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Enriching Our Views on Clinical Ethics: Results of a Qualitative Study of the Moral Psychology of Healthcare Ethics Committee Members


The contribution of healthcare ethics committee (HEC) members to HECs is fundamental. However, little is known about how HEC members view clinical ethics. We report results from a qualitative study of the moral psychology of HEC members. We found that contrary to the existing Kohlberg-based studies, HEC members hold a pragmatic non-expert view of clinical ethics based mainly on respect for persons and a commitment to the patient’s good. In general, HEC members hold deflationary views regarding moral theory. Ethical principles are not abstract foundations but the expression of moral commitments to patients that pre-exist awareness of moral theory. Emotions and proximity to patient sufferance fundamentally shape the views of HEC members on clinical ethics. Further work at the intersection of clinical ethics and qualitative research could bring to the foreground lay perspectives on moral problems that may differ from bioethics expert views.

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Special thanks go to Dr. Hubert Doucet, Ph.D., Director, Jennifer Singh, Paula Bailey and Marie-Josée Dion for helpful comments. This work was made possible by a research scholarship from the Fonds pour la formation de chercheurs et l’aide à la recherche. Revision of the manuscript was made possible by support of the Fonds québécois pour la recherche sur la science et la culture, the Social Sciences and Humanities Research Council of Canada and the NIH/NINDS (RO1 #NS 045831, Judy Illes, P.I.). I am independent of the Fonds pour la formation de chercheurs et l’aide à la recherche, the Fonds québécois pour la recherche sur la science et la culture, the Social sciences and humanities research council of Canada and the National Institutes of Health.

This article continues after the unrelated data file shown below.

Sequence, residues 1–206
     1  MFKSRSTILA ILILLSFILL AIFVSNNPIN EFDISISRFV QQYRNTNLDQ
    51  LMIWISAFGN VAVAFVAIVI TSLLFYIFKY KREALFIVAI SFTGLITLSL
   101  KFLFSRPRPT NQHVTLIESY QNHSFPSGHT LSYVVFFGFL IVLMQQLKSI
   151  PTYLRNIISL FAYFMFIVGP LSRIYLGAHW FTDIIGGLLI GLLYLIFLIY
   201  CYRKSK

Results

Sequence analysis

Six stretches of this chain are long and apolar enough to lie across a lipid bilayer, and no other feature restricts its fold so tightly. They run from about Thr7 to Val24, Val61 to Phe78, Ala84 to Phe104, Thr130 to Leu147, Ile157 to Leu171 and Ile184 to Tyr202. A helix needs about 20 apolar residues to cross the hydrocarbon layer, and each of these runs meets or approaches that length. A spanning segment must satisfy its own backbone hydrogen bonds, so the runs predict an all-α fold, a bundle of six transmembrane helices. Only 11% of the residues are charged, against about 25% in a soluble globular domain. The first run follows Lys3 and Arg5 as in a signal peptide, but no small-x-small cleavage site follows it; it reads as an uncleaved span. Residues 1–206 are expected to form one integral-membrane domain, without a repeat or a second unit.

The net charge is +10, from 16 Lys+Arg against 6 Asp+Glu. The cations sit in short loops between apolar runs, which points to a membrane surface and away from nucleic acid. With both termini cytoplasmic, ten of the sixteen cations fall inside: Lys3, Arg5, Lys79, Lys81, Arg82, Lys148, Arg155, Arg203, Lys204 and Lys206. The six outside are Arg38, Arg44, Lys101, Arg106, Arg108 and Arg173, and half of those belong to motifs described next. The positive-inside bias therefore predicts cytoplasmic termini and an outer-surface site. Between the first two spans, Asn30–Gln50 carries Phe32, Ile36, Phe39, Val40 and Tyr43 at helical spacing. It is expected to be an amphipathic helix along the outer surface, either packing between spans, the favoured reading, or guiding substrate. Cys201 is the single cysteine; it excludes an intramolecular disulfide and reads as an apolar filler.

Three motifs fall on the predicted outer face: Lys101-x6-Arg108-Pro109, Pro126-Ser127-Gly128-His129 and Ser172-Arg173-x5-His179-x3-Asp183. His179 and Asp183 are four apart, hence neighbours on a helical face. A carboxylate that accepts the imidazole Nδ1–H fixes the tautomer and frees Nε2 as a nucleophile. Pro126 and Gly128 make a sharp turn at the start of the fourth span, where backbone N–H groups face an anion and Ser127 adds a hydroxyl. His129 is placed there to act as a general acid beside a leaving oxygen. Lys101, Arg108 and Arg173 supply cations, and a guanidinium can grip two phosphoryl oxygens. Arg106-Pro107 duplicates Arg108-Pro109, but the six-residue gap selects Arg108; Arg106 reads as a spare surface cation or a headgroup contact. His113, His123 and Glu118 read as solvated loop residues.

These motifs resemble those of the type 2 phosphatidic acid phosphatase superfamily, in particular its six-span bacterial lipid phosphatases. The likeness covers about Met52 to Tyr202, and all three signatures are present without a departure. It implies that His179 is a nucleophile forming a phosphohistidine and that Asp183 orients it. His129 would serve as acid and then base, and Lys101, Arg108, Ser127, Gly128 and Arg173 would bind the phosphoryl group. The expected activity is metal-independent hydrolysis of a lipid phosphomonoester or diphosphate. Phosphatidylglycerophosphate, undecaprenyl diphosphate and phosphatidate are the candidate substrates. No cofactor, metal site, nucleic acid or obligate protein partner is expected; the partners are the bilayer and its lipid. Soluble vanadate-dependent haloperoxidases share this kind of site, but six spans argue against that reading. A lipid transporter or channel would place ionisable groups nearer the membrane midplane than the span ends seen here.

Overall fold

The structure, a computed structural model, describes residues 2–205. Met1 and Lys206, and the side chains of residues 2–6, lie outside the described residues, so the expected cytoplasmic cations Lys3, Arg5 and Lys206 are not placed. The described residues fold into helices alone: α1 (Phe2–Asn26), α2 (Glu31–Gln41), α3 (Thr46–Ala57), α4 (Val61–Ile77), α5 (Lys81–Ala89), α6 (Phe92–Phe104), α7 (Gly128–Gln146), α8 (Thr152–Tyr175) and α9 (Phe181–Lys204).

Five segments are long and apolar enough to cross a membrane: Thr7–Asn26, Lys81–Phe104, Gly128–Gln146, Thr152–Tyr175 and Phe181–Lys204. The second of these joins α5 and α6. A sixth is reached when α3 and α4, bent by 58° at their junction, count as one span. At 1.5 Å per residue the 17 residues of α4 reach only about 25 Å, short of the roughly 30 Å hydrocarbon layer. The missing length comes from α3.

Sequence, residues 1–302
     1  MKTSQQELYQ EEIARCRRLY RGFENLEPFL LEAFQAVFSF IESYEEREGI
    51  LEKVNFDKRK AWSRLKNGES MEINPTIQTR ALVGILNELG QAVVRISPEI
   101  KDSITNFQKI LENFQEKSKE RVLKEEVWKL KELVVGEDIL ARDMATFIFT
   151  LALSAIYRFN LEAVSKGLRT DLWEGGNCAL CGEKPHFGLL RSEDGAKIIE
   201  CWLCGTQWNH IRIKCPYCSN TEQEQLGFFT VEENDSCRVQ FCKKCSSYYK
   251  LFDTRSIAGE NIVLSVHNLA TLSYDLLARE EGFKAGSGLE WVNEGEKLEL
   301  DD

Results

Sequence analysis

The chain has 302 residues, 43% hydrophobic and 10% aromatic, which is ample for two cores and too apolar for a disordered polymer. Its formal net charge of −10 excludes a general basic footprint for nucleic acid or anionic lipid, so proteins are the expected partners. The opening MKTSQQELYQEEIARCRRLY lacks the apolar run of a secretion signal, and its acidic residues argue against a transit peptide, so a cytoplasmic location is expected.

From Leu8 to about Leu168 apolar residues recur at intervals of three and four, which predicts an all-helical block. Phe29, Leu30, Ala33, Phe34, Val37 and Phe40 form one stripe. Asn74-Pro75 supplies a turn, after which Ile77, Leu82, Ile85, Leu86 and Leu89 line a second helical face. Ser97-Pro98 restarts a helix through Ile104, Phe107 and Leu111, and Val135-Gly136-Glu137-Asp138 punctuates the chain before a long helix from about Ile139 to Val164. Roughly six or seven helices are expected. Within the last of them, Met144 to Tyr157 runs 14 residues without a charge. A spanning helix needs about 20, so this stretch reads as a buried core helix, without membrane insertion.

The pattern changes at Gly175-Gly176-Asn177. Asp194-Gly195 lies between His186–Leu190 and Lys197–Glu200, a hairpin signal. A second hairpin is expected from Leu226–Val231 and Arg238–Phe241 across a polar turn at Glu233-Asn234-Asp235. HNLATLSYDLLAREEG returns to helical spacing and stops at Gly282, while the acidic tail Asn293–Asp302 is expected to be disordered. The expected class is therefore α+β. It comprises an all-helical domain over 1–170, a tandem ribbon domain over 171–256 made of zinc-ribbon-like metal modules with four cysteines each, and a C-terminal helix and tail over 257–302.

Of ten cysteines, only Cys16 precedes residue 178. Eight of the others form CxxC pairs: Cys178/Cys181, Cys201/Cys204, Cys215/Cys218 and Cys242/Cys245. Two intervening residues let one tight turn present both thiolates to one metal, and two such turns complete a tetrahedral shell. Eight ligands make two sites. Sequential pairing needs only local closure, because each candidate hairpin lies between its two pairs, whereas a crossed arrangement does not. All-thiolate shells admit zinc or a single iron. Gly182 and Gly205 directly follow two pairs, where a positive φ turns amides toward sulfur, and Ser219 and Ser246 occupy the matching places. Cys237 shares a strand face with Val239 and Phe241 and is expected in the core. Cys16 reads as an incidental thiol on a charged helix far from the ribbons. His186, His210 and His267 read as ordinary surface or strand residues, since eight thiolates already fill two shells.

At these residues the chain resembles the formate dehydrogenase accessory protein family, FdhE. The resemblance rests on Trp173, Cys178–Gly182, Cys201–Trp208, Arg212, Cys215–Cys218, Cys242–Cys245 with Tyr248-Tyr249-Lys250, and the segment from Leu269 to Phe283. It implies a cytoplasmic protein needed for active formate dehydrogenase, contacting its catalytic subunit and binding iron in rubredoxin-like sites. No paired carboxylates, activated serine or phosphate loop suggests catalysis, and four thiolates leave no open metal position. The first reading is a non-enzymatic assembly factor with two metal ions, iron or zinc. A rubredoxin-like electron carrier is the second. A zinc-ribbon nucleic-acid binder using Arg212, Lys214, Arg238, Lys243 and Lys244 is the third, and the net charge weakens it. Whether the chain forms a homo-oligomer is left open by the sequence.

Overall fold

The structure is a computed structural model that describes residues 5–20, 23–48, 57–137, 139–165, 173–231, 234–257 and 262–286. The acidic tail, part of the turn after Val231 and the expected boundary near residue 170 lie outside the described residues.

Conflict of Interest Statement

I have no competing interests.

Details of Ethics Approval (or a Statement that It was not Required)

Ethics approval for all participating institutions (N = 7) was obtained as detailed in the methods section. No patients were involved in the study.

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Correspondence to Eric Racine.

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Racine, E. Enriching Our Views on Clinical Ethics: Results of a Qualitative Study of the Moral Psychology of Healthcare Ethics Committee Members. Bioethical Inquiry 5, 57 (2008).

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  • Healthcare ethics committee
  • Moral psychology
  • Pragmatism
  • Clinical ethics
  • Healthcare ethics committee members